AI can help in the real-time analysis of workplace environments by detecting anomalies that might go unnoticed by human observers. One of the methods for training the AI is allowing it to conduct assessment of historical organization information. The AI can associate conditions and factors that led to historical incidents and alert workers if those factors and conditions exist today, allowing for immediate corrective measures and reducing the risk of injuries and fatalities.

AI can automate the reporting processes, ensuring that incidents are documented promptly and accurately. This automation not only saves time but also enhances the quality of the reports by minimizing human errors. Additionally, AI can keep track of regulatory changes and ensure compliance by automatically updating safety protocols and training programs. This not only helps in maintaining a safe work environment but also safeguards organizations against potential legal issues.

AI as a ‘people maximizer’ that keeps safety pros in the field

AI’s role as a “people maximizer” is pivotal in transforming how safety professionals perform their roles. By automating routine tasks and providing safety professionals with better data, AI frees up safety professionals to focus on more critical aspects of their job.

With AI handling the initial data processing, safety professionals can dedicate more time to on-the-ground activities, such as engaging with the workforce, evaluating site conditions, and being present as work is performed. This hands-on approach not only helps immediately address any discrepancies in safety practices but also helps foster a culture of safety among employees.

AI systems can be trained to think like a safety professional by using an organization’s existing safety materials and case studies. These AI systems can then tailor training programs that meet the specific needs of the workforce and the peculiarities of the work environment. This personalized approach helps in addressing unique risks associated with different job roles, enhancing the overall effectiveness of safety training.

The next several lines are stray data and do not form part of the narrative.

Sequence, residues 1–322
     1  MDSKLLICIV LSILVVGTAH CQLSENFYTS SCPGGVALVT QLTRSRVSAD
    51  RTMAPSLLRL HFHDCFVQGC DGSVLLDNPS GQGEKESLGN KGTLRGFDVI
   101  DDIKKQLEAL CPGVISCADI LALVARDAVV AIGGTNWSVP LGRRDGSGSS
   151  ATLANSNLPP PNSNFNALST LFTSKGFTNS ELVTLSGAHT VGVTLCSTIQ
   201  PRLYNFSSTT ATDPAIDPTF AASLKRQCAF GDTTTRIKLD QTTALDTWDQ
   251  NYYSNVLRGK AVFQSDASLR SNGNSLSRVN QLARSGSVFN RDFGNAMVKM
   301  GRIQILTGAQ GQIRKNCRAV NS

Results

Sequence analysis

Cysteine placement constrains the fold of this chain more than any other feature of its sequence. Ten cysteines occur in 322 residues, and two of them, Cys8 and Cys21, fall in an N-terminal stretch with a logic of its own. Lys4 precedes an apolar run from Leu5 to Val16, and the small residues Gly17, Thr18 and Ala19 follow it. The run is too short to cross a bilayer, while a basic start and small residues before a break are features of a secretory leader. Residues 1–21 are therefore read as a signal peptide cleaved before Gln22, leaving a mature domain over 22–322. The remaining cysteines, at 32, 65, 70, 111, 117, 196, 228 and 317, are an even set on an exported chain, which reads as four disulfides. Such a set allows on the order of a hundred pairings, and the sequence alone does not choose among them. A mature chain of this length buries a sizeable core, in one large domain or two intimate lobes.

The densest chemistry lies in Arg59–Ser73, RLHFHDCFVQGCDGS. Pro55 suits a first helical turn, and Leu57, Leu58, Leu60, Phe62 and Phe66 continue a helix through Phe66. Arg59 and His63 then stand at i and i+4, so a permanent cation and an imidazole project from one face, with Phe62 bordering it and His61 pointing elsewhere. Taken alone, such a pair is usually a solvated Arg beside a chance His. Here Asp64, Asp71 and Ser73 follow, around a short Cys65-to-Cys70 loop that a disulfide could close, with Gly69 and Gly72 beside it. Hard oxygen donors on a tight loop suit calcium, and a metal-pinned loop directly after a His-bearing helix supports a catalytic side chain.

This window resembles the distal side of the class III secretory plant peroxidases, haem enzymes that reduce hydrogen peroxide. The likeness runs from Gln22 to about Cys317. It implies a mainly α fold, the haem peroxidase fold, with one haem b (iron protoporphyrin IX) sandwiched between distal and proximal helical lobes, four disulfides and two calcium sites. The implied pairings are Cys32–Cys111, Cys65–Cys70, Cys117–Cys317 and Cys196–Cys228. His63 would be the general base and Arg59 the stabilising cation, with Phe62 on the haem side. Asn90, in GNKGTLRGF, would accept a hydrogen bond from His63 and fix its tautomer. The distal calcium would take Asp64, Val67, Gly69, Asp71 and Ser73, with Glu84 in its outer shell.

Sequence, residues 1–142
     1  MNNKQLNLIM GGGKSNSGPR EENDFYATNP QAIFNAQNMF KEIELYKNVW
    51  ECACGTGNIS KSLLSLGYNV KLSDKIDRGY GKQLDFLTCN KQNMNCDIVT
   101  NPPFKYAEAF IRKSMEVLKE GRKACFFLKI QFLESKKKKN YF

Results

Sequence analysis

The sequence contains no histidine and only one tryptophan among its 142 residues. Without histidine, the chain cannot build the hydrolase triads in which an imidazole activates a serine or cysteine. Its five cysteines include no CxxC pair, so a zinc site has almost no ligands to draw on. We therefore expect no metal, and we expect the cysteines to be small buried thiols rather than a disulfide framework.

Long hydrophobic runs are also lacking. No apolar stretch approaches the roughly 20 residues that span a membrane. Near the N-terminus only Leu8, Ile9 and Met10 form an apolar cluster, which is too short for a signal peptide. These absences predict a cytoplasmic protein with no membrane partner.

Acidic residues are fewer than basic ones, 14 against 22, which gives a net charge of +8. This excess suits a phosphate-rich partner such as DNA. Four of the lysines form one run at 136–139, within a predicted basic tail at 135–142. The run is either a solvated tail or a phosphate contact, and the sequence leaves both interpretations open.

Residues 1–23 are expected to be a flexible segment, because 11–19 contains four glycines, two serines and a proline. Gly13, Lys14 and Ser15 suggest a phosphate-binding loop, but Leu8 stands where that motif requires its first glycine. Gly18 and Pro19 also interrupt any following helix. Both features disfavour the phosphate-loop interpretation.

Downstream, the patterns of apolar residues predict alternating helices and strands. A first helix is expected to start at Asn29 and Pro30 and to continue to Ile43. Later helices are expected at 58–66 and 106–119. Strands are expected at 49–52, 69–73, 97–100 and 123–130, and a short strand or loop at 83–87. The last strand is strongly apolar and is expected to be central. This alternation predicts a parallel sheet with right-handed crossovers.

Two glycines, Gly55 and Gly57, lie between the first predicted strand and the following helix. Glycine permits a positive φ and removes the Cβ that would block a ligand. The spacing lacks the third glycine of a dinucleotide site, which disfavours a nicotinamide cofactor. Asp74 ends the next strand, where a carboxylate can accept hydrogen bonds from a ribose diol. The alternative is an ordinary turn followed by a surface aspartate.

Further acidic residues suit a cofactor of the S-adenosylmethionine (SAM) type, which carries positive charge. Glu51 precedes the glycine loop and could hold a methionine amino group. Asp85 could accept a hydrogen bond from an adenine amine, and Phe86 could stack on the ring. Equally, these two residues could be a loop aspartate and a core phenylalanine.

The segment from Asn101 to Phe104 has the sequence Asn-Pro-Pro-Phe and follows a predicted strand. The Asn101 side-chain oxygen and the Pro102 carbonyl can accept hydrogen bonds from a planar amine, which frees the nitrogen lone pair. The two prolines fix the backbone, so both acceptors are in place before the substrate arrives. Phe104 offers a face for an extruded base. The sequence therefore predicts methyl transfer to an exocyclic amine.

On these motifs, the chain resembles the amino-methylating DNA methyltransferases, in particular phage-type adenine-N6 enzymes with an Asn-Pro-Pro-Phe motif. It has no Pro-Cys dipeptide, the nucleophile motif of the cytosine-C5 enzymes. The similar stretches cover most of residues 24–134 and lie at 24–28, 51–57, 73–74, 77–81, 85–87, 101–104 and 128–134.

The integration of AI into workplace safety management promises a revolution in how safety is perceived and implemented. With its ability to process information rapidly, predict potential risks, and free up human resources to perform more impactful work, AI is not just a technological upgrade; it is a significant step towards creating safer workplaces. It is imperative for organizations to embrace these technologies, not just to enhance operational efficiency but to safeguard the very lives of their employees. By doing so, AI will not just be viewed as a tool, but as a guardian of workplace safety.

Michael Sixsmith is Director of Safety for Safety Radar, a workplace safety tech company managing operational risks through AI. Prior to Safety Radar, Michael spent six years as an Army officer leading soldiers in combat operations, followed by a career in the energy industry where he had roles in Engineering, Project Management, Operational Leadership, and Safety and Environmental Leadership with Fortune 500 companies.